Trump Should Quit Twitter — After He Wins

Twitter is like crack — something we keep using even though we know better, even though it might kill us. All the social networks have some resemblance to that drug, but Twitter most of all. It especially mesmerizes people in the media who feel they must make their mark on it or suffer the worst fate imaginable — to be ignored.

Twitter is also said to be seriously biased against the right, sometimes even the milder center-right. At first, this seemed exaggerated, but the truth may be greater than we imagined. The well-respected Sean Davis of The Federalist was skeptical, but just found one of his tweets was "shadowbanned." Twitter even admitted it. And the subject was important, perhaps even crucial, as it related to the ongoing Russia/FISA investigations. Davis tweeted:

Twitter confirmed to me today via e-mail that it did shadowban one of my tweets about Lisa Page's congressional testimony in order to "keep people safe[.]" Twitter deliberately deleted the tweet/URL, yet kept it visible for me when I was logged in so I'd think it was still up.

To "keep people safe" [bold obviously mine]. How's that for Politburo-speak? Orwell couldn't have done better. The Social Justice Warriors seem to have taken over Twitter — or maybe that's what its management really is. You can read Davis' whole thread here.

In any case, it's just the tip of a discriminatory iceberg based on algorithms we will never know. In the early days of computers, we used to say "garbage in/garbage out." Now it's "ideology in/ideology out." And everyone gets indoctrinated, most often without realizing it.

Meanwhile, to borrow a phrase, what is to be done?

Twitter and its fellow social media sites (Facebook, etc.) are all tech giants patronized by an extraordinary percentage of humanity, including conservatives and libertarians of all stripes. These companies are, as we know, private and therefore the same conservatives and libertarians are loath to interfere with them.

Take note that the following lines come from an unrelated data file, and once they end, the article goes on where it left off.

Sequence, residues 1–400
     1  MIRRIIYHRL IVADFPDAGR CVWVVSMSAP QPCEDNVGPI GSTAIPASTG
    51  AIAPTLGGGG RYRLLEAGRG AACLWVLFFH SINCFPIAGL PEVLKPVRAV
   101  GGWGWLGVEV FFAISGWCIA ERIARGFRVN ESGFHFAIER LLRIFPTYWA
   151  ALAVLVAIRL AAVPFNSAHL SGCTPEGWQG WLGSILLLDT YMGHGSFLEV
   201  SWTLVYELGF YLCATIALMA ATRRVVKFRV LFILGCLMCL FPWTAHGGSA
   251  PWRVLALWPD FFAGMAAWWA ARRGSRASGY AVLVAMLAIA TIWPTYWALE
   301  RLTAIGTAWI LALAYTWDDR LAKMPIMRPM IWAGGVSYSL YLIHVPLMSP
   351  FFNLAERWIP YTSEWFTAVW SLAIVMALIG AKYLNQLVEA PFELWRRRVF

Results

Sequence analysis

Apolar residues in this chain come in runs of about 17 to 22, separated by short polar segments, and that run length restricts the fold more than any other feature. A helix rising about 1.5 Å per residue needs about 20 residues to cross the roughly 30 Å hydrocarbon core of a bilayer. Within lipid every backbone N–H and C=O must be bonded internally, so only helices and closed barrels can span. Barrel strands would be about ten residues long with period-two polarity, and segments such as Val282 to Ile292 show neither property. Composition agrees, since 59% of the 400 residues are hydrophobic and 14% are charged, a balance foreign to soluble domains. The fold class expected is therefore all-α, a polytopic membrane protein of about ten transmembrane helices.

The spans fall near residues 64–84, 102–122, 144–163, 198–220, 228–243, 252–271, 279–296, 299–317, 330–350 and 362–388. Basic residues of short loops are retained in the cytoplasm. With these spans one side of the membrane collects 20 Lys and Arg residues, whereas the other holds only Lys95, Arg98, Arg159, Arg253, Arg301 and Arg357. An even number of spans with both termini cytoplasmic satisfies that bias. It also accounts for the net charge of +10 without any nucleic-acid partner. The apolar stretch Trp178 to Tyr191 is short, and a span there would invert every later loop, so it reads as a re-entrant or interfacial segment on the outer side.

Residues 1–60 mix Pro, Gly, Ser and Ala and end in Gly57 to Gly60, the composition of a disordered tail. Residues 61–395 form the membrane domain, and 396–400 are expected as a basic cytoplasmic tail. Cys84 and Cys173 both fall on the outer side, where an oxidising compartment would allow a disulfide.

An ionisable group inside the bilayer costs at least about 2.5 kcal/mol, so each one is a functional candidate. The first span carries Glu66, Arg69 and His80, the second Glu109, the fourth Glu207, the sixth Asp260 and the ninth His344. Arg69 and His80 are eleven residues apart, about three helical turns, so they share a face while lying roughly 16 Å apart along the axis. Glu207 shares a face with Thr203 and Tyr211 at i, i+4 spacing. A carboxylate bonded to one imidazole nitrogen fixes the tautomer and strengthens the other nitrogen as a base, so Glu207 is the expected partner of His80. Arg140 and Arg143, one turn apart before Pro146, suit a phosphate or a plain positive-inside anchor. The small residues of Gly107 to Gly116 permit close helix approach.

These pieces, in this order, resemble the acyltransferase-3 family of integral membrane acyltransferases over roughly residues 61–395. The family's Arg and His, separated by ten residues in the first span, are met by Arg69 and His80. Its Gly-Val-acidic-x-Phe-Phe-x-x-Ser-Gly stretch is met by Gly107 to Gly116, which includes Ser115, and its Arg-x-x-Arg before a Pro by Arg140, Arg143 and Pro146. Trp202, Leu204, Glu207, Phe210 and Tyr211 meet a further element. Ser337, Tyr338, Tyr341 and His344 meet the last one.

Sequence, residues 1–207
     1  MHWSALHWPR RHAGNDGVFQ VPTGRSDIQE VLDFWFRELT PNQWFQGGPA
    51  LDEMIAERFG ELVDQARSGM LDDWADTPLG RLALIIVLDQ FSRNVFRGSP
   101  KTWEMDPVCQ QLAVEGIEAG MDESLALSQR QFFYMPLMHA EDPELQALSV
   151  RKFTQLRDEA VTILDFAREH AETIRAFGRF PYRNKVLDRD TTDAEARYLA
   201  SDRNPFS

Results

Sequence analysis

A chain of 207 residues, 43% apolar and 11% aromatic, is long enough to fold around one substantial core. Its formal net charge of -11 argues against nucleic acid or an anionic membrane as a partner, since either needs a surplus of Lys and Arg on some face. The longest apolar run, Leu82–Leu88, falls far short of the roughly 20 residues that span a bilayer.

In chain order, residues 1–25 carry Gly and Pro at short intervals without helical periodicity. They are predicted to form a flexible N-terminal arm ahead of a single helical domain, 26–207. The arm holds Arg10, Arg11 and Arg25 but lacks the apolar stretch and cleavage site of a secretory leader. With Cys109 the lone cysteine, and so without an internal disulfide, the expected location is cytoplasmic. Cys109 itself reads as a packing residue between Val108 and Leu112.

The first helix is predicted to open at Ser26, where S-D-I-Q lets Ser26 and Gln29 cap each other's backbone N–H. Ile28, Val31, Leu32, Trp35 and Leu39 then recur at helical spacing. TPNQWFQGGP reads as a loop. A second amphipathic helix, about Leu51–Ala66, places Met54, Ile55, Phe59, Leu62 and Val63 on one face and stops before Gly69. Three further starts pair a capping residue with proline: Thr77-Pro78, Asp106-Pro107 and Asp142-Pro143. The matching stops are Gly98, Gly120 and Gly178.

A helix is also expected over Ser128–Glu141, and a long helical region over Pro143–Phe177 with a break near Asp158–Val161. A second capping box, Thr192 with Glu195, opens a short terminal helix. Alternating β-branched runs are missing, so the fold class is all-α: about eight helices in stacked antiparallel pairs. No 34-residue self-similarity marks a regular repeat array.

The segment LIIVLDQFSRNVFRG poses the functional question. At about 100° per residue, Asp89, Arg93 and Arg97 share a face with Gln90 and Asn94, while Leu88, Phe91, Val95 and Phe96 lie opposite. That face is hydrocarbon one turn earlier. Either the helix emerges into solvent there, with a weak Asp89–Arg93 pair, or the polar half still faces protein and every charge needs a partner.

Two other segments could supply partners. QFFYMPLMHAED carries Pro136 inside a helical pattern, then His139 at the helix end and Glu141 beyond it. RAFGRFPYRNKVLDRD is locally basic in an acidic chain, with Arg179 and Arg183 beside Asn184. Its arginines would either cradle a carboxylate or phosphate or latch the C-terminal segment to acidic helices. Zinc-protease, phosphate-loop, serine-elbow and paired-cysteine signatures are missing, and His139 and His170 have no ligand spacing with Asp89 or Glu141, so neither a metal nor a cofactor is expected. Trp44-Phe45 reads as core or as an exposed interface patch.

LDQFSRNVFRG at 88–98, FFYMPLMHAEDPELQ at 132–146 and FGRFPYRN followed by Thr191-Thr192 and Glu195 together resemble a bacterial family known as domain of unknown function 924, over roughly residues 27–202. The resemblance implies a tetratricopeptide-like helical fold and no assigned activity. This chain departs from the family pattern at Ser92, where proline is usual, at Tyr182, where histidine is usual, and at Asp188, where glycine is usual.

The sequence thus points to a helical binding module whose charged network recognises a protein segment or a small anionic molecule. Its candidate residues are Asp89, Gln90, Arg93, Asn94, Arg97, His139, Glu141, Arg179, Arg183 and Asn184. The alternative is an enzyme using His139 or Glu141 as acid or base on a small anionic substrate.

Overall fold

Nevertheless, some are proposing anti-trust legislation of various sorts. Whether you like this or not, in the short run it is highly unlikely to happen. The Democrats control the House and, whatever public pronouncements they may make, are not about to handcuff the very companies that are getting them elected, especi

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Romney calls out Trumps attacks on heroic McCain

Image result for mitt romney

Sen. Mitt Romney, R-Utah, denounced Donald Trump Tuesday over the president’s latest attacks on John McCain.

Mitt Romney ✔@MittRomney

I can’t understand why the President would, once again, disparage a man as exemplary as my friend John McCain: heroic, courageous, patriotic, honorable, self-effacing, self-sacrificing, empathetic, and driven by duty to family, country, and God.

  6:49 PM - Mar 19, 2019

In an interview with CNN in January, Romney pledged to make his disagreements with the president known.

“Where I disagree, I’ll point that out,” Romney said, and he got that opportunity on Tuesday.

During an Oval Office appearance with Brazilian President Jair Bolsonaro, Trump railed against McCain’s 2017 Senate vote against a Republican bill that would have repealed the Affordable Care Act.

“I was never a fan of John McCain and I never will be,” Trump said of McCain, who died of cancer on Aug. 25, 2018

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The Memo Rough road awaits any Trump rival in GOP primary

Maryland Gov. Larry Hogan (R) is pushing the door open for a possible primary challenge to President Trump — but even Republicans who are lukewarm about the president are divided on the merits of the idea. 

In an interview published in The Washington Post on Monday, Hogan sought to counter perceptions that he is just too centrist for the modern-day GOP.